The Rules of Crime Fiction
Tuesday, 21 February 2017
While I was writing A Murder To Die For, I did quite a lot of research into the murder mystery genre. While I'd always enjoyed reading or watching crime fiction, I'd never written one before - barring a few short stories - and I was keen to understand how such stories were put together by 'Golden Age' authors like Christie, Marsh, Chesterton and Sayers. And I discovered that there had been several genuine attempts to set 'rules' for detective fiction.
In 1928, the following list of 20 Rules appeared in the September edition of The American Magazine. They were written by author S S Van Dine (1888-1939) - real name Willard Huntington Wright) - whose wealthy amateur sleuth Philo Vance remains one of the most pompous, pretentious, insufferable detectives in fiction (Some of Van Dine's contemporaries noted that the character was not unlike the author). However, he was hugely popular.
So here are the rules (I have removed some of the finer detail to reduce reading time. If you want to see the full thing, click here).
Twenty Rules for Writing Detective Stories
1. The reader must have equal opportunity with the detective for solving the mystery. All clues must be plainly stated and described.
2. No wilful tricks or deceptions may be played on the reader other than those played legitimately by the criminal on the detective himself.
3. There must be no love interest in the story.
4. The detective himself, or one of the official investigators, should never turn out to be the culprit.
5. The culprit must be determined by logical deductions - not by accident or coincidence or unmotivated confession.
6. The detective novel must have a detective in it; and a detective is not a detective unless he detects.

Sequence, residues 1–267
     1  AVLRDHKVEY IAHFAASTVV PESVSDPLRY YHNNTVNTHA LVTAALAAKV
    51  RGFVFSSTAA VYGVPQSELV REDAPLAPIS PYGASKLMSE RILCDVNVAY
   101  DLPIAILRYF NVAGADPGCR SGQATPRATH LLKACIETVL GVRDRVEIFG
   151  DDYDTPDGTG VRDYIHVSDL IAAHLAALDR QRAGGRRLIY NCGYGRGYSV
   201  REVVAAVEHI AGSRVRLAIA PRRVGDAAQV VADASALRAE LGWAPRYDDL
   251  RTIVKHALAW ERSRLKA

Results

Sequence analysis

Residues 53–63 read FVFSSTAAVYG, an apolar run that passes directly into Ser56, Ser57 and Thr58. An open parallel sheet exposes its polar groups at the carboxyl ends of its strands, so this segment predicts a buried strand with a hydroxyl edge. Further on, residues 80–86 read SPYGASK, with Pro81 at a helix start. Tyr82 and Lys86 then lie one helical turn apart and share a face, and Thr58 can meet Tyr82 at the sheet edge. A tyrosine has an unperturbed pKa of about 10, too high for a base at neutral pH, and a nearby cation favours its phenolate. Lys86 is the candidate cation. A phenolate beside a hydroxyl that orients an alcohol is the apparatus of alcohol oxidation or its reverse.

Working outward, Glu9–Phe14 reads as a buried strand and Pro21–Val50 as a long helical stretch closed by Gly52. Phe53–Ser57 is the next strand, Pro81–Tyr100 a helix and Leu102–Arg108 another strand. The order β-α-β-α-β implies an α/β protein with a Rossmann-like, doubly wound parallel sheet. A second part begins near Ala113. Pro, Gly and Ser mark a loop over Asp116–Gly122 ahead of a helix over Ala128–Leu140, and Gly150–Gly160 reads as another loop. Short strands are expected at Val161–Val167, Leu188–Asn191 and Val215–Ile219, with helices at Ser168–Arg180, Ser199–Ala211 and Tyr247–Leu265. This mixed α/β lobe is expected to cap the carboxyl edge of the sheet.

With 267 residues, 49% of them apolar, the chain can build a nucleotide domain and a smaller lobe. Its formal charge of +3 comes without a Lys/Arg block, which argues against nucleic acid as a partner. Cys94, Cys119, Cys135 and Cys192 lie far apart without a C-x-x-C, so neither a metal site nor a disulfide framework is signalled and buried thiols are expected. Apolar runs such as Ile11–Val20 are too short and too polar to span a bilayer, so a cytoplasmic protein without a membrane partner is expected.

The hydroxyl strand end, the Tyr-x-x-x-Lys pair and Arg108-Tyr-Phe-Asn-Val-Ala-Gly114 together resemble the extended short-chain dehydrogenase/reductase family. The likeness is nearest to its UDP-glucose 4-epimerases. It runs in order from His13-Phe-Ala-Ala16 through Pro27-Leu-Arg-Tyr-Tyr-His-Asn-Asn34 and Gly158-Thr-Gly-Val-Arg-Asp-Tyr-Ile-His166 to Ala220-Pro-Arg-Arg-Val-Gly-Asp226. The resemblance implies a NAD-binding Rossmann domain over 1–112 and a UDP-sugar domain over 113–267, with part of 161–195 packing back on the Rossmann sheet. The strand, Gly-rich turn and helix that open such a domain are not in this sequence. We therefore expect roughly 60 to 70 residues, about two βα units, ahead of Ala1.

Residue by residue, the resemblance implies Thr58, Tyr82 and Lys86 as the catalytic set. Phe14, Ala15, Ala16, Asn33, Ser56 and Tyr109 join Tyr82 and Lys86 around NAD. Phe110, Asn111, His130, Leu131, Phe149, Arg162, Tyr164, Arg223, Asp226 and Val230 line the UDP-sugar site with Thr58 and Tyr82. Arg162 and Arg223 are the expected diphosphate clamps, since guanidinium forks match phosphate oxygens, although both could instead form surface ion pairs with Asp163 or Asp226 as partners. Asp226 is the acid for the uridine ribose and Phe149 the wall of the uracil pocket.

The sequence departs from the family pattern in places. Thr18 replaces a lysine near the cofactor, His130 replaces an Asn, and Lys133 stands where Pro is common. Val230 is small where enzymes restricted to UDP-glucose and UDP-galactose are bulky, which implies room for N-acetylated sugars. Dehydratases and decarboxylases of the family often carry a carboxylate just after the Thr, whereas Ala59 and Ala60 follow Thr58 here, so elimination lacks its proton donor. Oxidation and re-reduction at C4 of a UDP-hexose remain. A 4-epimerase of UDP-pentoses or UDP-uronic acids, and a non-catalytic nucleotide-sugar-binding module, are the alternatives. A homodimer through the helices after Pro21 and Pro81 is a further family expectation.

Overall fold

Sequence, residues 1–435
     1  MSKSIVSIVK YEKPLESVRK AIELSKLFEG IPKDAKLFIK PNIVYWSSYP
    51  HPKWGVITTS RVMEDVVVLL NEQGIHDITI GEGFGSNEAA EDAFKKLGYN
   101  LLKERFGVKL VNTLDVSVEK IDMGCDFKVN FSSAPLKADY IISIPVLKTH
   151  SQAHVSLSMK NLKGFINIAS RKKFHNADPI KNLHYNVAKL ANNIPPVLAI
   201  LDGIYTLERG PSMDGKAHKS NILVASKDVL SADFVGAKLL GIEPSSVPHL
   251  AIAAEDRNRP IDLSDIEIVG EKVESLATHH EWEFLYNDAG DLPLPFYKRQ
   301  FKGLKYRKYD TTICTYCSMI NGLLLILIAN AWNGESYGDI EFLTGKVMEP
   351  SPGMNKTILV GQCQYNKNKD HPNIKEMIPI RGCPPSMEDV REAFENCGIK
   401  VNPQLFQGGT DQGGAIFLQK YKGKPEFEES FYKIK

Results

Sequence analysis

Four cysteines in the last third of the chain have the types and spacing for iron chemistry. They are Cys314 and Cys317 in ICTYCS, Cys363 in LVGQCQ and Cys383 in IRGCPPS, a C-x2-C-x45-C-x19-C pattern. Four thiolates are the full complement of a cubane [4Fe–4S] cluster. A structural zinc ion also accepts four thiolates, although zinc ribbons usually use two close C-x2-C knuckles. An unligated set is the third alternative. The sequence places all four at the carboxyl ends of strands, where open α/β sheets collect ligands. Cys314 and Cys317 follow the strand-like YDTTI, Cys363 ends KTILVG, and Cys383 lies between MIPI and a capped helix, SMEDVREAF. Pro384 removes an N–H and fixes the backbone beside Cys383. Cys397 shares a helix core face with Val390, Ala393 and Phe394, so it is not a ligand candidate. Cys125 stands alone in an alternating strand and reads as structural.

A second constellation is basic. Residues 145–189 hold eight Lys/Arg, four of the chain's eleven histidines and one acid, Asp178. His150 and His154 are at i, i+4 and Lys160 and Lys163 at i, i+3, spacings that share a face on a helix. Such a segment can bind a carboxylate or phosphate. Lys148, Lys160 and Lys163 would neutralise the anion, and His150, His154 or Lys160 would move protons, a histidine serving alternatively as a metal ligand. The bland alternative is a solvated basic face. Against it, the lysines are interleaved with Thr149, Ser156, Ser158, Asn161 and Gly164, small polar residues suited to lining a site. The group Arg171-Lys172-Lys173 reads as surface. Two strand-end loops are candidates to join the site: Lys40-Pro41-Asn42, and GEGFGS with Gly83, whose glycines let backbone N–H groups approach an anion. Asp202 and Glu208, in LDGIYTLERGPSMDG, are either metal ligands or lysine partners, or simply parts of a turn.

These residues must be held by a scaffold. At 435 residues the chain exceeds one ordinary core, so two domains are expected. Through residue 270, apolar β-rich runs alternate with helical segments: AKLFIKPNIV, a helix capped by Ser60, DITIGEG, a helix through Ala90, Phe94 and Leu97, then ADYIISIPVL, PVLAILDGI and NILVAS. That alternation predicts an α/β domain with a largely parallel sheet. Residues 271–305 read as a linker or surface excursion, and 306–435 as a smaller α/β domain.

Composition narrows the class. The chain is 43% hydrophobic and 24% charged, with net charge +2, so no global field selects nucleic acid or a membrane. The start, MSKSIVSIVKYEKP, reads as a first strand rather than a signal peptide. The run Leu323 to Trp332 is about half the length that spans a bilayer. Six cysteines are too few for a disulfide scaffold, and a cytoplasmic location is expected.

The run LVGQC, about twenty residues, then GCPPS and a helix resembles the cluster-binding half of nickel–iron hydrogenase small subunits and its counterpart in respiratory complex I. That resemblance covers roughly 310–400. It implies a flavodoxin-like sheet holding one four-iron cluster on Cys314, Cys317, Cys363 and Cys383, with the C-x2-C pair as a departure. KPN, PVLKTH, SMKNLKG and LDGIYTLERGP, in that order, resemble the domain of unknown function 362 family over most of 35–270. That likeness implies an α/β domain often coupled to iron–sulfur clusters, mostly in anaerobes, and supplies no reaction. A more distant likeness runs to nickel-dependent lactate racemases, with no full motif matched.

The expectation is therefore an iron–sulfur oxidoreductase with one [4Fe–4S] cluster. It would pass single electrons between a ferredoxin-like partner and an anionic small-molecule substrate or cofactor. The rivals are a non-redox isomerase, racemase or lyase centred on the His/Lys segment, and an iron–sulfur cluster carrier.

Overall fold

7. There simply must be a corpse in a detective novel, and the deader the corpse the better. No lesser crime than murder will suffice.
8. The problem of the crime must be solved by strictly naturalistic means. Such methods for learning the truth as slate-writing, ouija-boards, mind-reading, spiritualistic seances, crystal-gazing, and the like, are taboo.
9. There must be but one detective - that is, but one protagonist of deduction - one deus ex machine.
10. The culprit must turn out to be a person who has played a more or less prominent part in the story- that is, a person with whom the reader is familiar and in whom he takes an interest.
11. Servants- such as butlers, footmen, valets, game-keepers, cooks, and the like - must not be chosen by the author as the culprit. This is begging a noble question. It is a too easy solution.
12. There must be but one culprit, no matter how many murders are committed.
13. Secret societies, camorras, mafias, et al., have no place in a detective story.
14. The method of murder, and the means of detecting it, must be rational and scientific. That is to say, pseudo-science and purely imaginative and speculative devices are not to be tolerated in the roman policier.